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Arts & Culture(Archives)


Behind The Curtain at Keyano Theatre

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The social [media] side of the script

It’s well known that social media is a great tool to connect with people, reach out to like-minded citizens, promote all kinds of products, and occasionally witness a rant or two; but the impact it can have on community theatre is astounding. Think about how sharing Facebook pictures and re-Tweeting comments connects actors to the stage crew and an audience to the whole theatre experience. It’s not just about the story happening on stage anymore, but rather what happens to get it to the stage.

With the rise in popularity of social media platforms, cast and crew are expected to keep a certain level of professionalism in their communication about the show they are in, but are encouraged to engage with users and expose some of the extras tidbits the audience doesn’t usually get to see.

The final Stage 2 series presentation of the 2014/15 season at Keyano Theatre & Arts Centre, was Neil Simon’s The Odd Couple. Directed by Russell Thomas, you better believe the social media exposure of the show was remarkable! Russell’s dedication to online communication allowed his followers to see how the magic happened before the glitz and glamour of the stage production took hold. The journey from auditions to the final curtain call can be wild and having a behind the scenes, intimate viewing of that journey engages an audience at a whole new level.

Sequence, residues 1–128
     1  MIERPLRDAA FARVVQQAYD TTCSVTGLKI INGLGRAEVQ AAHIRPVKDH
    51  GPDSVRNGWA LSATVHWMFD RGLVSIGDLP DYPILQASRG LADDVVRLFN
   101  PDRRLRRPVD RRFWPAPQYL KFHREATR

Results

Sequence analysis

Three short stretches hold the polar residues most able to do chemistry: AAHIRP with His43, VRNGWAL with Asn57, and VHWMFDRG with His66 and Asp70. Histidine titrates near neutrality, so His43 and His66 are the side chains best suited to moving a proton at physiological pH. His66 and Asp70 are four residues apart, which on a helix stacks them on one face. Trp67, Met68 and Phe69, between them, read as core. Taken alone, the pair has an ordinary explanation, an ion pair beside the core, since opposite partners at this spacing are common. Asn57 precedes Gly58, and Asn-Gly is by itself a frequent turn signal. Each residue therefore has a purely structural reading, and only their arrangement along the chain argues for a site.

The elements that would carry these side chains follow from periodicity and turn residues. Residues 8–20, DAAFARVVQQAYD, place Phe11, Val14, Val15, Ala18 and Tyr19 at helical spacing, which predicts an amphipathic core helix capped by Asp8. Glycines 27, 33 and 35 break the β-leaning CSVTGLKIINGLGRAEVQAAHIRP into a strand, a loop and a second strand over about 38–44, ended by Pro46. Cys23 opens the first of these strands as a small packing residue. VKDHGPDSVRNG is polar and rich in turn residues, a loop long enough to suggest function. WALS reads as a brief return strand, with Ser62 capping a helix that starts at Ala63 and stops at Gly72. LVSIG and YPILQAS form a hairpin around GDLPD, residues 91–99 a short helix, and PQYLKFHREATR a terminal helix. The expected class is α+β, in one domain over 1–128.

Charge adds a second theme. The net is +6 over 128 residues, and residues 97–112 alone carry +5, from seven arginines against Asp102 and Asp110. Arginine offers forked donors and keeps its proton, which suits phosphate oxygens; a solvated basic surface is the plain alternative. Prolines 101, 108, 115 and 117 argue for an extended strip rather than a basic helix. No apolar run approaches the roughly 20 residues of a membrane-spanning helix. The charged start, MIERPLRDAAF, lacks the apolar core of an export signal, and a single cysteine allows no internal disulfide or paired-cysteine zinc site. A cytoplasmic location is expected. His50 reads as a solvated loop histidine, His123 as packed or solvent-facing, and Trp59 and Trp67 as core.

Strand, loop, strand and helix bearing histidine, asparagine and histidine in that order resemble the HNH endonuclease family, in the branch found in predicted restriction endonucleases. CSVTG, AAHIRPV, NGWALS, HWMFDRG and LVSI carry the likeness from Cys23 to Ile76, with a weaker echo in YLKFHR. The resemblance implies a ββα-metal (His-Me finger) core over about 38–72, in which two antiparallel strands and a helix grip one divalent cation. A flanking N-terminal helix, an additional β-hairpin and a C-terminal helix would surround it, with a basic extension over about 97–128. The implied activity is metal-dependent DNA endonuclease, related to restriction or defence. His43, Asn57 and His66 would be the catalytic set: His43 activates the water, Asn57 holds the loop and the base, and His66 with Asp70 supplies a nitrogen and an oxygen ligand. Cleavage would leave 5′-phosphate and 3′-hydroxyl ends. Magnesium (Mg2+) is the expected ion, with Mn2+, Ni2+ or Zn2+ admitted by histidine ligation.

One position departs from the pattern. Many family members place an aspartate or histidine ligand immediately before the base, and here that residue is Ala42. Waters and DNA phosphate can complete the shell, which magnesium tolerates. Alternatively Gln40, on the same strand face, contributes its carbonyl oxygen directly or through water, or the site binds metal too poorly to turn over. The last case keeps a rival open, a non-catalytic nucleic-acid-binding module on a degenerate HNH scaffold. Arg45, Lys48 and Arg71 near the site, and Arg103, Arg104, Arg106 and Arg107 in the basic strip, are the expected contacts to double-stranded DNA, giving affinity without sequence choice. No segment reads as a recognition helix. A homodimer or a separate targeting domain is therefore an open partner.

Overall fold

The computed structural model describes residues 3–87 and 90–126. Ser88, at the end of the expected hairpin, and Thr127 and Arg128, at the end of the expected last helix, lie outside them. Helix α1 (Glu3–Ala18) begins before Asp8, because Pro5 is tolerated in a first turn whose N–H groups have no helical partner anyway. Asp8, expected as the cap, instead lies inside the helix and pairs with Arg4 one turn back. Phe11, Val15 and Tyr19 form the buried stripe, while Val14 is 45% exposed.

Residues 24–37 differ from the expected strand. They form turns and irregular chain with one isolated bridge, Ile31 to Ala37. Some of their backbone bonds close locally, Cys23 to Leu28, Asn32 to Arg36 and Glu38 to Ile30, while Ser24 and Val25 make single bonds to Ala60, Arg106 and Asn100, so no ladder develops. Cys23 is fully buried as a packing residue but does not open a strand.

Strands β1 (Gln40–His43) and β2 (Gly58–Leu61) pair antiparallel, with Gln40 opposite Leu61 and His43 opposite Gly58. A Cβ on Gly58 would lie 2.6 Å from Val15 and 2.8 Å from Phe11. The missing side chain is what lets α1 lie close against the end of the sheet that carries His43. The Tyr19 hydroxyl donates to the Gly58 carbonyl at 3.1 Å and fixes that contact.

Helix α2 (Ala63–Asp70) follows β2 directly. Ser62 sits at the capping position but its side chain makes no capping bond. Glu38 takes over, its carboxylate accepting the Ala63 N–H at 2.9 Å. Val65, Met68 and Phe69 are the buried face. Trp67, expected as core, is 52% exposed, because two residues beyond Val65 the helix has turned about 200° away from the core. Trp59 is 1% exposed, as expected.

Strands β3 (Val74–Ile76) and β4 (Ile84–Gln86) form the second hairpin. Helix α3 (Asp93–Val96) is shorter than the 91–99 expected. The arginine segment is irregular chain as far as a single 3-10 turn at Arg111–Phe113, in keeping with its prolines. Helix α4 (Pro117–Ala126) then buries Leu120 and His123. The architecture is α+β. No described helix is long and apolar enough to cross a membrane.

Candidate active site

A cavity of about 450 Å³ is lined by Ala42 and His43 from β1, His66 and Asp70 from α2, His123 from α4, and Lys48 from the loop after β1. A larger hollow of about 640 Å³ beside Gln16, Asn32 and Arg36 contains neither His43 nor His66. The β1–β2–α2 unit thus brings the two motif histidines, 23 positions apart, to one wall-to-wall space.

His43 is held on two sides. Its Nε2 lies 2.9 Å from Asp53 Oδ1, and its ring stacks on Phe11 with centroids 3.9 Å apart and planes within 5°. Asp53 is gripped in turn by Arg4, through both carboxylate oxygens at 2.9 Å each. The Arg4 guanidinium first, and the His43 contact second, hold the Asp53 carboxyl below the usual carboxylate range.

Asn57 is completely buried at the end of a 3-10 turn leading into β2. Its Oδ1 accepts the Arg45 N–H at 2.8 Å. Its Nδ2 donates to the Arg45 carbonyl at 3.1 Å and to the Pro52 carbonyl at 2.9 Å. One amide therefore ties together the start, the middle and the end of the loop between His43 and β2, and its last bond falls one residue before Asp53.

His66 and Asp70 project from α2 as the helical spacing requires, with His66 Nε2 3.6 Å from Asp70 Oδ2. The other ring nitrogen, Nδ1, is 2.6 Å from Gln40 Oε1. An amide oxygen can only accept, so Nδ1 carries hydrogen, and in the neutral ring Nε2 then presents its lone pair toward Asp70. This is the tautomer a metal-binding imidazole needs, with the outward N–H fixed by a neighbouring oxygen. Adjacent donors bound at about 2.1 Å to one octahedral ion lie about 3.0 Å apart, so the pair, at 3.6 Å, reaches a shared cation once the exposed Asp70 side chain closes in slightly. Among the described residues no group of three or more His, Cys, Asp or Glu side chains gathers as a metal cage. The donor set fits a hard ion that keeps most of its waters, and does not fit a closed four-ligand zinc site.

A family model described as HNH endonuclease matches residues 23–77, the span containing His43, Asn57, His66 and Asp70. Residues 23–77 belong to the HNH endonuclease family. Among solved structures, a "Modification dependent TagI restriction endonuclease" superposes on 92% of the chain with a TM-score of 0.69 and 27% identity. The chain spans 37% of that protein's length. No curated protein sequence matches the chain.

“Social media has allowed me to share stories about the process of making theatre,” says Thomas. “My blogs The Farnsworth Chronicles, Journey to Hometown, The Barricades , Christmas Carol Chronicles, and The Odd Couple all captured the importance and value of the community theatre experience offered by Keyano Theatre Company. These posts allowed friends and family from near and far to follow along as these great productions went from first rehearsal to opening night.” 

Dynamic Duos

With The Odd Couple recently finishing its run at the Keyano Recital Theatre to rave reviews, it is no surprise that the plays two lead actors, Dave Boutilier and Zenon Campbell, earned a spot in the list of Dynamic Duos the Neil Simon play has famously created in the past; like Walter Matthau and Art Carney from the original Broadway run. Another great acting pair Jack Klugman and Tony Randall in the first great television series, and Matthew Perry and Wendell Pierce for the 2015 TV remake. Then there was Jack Lemmon and Walter Matthau in the original 1968 film version of The Odd Couple play. Think of the comedy that would have been lost had these two not been first paired here on the silver screen– The Fortune Cookie, How to Murder your Wife, Grumpy Old Men and its sequel, Out to Sea, The Front Page, Buddy Buddy, Kotch and even Oliver Stone’s JFK. We owe Neil Simon a lot.

The 1989 Broadway play A Few Good Men was also made into a movie. Everyone expected the off-camera fireworks to explode between Tom Cruise and Demi Moore, but it was the grand finale between Cruise and Jack Nicholson that created one of the classic scenes of cinema. What’s it all about? Google “You can’t handle the truth” and watch as two actors at the top of their game make some movie history, then go online to and book a seat to see the play that started it all.

A Few Good Men, by Aaron Sorkin, coming to Keyano Theatre.